National Guard members provide support for a variety of tasks on behalf of the U.S. Border Patrol in an effort to allow more agents to protect our nation’s border directly in the field.

One way in which the National Guard assists Customs and Border Protection (CBP) is by surveilling illegal activity along the Rio Grande. Specialized trucks called Mobile Video Surveillance Systems (MVSS) give National Guard Soldiers and Airmen the capability to monitor a vast area of land along the border.

“Our job here is to be on the border in these trucks, observing the river and calling up what we see,” said Cpl. Thomas Leroux, an MVSS truck team commander.” The main objective is to deter any illegal activity between the United States and Mexico.”

MVSS truck commanders, or “TC’s” serve as the noncommissioned officer in charge of the site they are assigned to during a shift. They are also responsible for the maintaining of equipment used during operations.

“A big part of what I do is communicate with Border Patrol,” Leroux said. “I’m primarily responsible for the equipment and the relay of information.”


MVSS truck teams consist of the TC and a driver, who also serves as the equipment operator. Leroux is often partnered with Spc. Joshua Smoak, the driver for their team.


“Mainly my job is to get us from point A to point B without getting us stuck in the mud,” Smoak said. “I get us here, make sure we’re in a position where if anything does happen, we can get out safely and quickly. I also make sure I position the truck where the camera has the best visibility while also keeping it somewhat hidden.”

There are multiple teams of soldiers along the border using these trucks and other similar vehicles. For their team, Leroux and Smoak are using next generation scope trucks with night and day camera capabilities.

“On this truck, the main equipment is the cameras in the back,” Smoak said. “One is a normal camera, and the other is a heat signature camera. We can pull them up separately if we need to. They extend up about 30 feet, which is good to see over all the trees. We also use the laptop inside the truck, which is how we communicate with the cameras.”

Cpl. Thomas Leroux, a Task Force-Volunteer Mobile Video Surveillance System truck commander, studies a computer screen in Rio Grande City, Texas, Dec 21, 2019. Leroux leads one of many two-man Mobile Video Surveillance System Truck teams along the Southwest Texas border. (Air National Guard photo by Staff Sgt. De’Jon Williams)
Cpl. Thomas Leroux, a Task Force-Volunteer Mobile Video Surveillance System truck commander, studies a computer screen in Rio Grande City, Texas, Dec 21, 2019. Leroux leads one of many two-man Mobile Video Surveillance System Truck teams along the Southwest Texas border. (Air National Guard photo by Staff Sgt. De’Jon Williams)

These trucks are assigned to each MVSS team at the beginning of their shift at various Border Patrol stations. The teams check out their trucks and begin their shift at the sites where they spend most of their shift.

“Once we get to the site, we do a transfer of authority (TOA),” Leroux said. “We do that with the group we are relieving. We transfer equipment, ammunition and paperwork. I complete the required paperwork and get accountability for the equipment. At the same time, I’ll discuss with the other group what happened on the previous shift.”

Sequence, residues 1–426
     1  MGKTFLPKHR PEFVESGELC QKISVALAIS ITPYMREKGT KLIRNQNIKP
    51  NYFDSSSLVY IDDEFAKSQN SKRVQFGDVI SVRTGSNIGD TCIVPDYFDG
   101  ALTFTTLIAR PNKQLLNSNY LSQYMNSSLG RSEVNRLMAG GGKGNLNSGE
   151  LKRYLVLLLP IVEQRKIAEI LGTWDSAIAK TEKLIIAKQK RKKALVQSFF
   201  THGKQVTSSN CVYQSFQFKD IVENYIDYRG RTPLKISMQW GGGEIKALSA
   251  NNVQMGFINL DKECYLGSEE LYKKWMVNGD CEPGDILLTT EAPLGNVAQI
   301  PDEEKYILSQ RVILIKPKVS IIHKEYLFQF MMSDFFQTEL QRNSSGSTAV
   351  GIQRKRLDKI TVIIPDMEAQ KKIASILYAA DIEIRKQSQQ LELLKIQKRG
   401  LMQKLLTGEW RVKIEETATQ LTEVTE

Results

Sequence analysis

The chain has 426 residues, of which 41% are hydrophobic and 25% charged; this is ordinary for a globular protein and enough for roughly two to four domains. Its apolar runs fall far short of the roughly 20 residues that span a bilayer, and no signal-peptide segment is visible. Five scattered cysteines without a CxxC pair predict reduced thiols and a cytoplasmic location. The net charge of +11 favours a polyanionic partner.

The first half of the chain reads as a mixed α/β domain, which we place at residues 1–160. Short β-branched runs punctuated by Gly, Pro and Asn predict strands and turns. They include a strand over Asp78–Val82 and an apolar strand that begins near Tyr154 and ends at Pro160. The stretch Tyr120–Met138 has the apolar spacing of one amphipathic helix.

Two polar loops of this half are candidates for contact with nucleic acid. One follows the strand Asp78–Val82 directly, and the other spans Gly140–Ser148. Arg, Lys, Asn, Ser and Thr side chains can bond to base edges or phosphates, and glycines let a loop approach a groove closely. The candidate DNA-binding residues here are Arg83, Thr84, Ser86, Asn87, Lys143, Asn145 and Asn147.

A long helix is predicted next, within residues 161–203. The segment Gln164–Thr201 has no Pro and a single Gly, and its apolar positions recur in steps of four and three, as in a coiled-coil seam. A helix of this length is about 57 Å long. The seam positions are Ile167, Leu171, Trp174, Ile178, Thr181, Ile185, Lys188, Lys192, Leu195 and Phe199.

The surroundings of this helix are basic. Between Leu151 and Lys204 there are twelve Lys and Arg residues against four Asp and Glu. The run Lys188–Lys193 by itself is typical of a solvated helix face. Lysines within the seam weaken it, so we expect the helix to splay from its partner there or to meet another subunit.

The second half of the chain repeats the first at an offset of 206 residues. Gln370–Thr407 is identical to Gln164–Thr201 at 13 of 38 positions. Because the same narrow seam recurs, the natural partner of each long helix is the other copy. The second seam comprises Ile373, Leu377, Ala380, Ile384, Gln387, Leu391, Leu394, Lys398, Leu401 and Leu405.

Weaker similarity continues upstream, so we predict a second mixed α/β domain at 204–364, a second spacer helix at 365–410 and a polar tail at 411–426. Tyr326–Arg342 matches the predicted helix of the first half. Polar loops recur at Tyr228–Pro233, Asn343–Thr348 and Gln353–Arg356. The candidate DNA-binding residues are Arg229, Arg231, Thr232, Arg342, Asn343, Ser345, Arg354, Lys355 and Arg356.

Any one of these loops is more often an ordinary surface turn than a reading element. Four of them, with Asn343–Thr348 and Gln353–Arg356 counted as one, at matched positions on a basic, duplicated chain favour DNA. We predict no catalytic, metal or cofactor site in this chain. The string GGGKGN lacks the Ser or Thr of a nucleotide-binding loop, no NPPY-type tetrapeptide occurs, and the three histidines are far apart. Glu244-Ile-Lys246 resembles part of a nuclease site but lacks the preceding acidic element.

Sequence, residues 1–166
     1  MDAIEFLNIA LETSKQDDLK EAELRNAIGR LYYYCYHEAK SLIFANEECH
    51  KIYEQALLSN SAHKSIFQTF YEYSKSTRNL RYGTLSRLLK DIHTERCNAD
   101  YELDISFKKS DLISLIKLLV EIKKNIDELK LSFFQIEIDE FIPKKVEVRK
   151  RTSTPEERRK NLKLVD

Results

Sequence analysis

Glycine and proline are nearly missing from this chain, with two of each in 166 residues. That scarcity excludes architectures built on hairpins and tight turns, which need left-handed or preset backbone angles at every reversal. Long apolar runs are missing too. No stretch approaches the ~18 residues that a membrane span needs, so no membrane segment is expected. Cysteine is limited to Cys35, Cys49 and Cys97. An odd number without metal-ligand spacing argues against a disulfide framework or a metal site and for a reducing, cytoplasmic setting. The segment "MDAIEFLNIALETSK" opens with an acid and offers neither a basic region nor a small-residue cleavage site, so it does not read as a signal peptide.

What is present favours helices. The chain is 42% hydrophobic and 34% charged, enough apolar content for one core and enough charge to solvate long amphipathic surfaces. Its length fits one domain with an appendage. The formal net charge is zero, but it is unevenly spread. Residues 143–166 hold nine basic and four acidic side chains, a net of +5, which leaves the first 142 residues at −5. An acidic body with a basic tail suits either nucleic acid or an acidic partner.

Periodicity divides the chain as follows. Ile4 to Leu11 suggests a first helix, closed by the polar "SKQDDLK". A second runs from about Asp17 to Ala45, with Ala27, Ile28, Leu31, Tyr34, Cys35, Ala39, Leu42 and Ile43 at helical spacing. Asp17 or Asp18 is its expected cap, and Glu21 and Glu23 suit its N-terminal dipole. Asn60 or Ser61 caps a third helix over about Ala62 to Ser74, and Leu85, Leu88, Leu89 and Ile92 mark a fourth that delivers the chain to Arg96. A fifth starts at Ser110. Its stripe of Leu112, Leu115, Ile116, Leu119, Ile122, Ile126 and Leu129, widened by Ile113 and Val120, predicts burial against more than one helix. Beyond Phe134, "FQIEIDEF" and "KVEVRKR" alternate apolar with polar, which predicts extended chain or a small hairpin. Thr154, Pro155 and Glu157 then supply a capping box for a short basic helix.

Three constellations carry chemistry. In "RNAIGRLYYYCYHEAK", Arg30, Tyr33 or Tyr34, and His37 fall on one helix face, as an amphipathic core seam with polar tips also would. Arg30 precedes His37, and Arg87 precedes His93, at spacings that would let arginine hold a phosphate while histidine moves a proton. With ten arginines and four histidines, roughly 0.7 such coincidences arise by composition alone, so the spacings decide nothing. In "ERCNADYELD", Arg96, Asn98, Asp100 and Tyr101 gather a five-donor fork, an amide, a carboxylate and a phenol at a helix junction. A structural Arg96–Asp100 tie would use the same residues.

Leroux explains that during a TOA, the previous team transfers all the equipment and relays all the information from the prior shift. After this, the previous team is relieved, and the site is now his team’s responsibility.

In the meantime, the driver is also doing his part to participate in the TOA.

Spc. Thomas Leroux writes in his logbook Dec. 21, 2019 in Rio Grande City, Texas. Mobile Video Surveillance System teams keep a log of their findings while on duty. MVSS truck team leaders keep a log of their activities throughout their shift. (Air National Guard photo by Staff Sgt. De’Jon Williams)
Spc. Thomas Leroux writes in his logbook Dec. 21, 2019 in Rio Grande City, Texas. Mobile Video Surveillance System teams keep a log of their findings while on duty. MVSS truck team leaders keep a log of their activities throughout their shift. (Air National Guard photo by Staff Sgt. De’Jon Williams)


“When we first get here, my first job is to park the truck in a somewhat concealed position so that scouts on the other side can’t easily detect us,” Smoak said. “While he’s doing the TOA, my job is to get the equipment on the truck up and running.”


Smoak gets his camera and equipment up and running while the previous team continues to operate theirs. This protocol ensures that there is no gap in coverage of the area.

After the TOA is complete, Leroux and Smoak begin their shift monitoring the border.

“Throughout the day I keep the scan and surveillance going,” Smoak said. “Sometime there is action, sometimes there’s not, but it is how it is sometimes. At the end of the day the relief comes in and it’s the same process as before. I ensure continuous reconnaissance the entire time until the next team gets their scan up and going.”

Through technological prowess and Soldiers’ own vigilance, Leroux and Smoak have provided the Border Patrol with intelligence that has led to more than 90 apprehensions, 62 turn backs and a seizure of more than 235 pounds of narcotics since the beginning of the mission. 

Cpl. Thomas Leroux and Spc. Joshua Smoak, a Task Force-Volunteer Mobile Video Surveillance System Truck team, view a computer screen in their Mobile Video Surveillance System truck Dec. 21, 2019 in Rio Grande City, Texas. The MVS truck cameras are displayed on computer screens inside the truck. (Air National Guard photo by Staff Sgt. De’Jon Williams)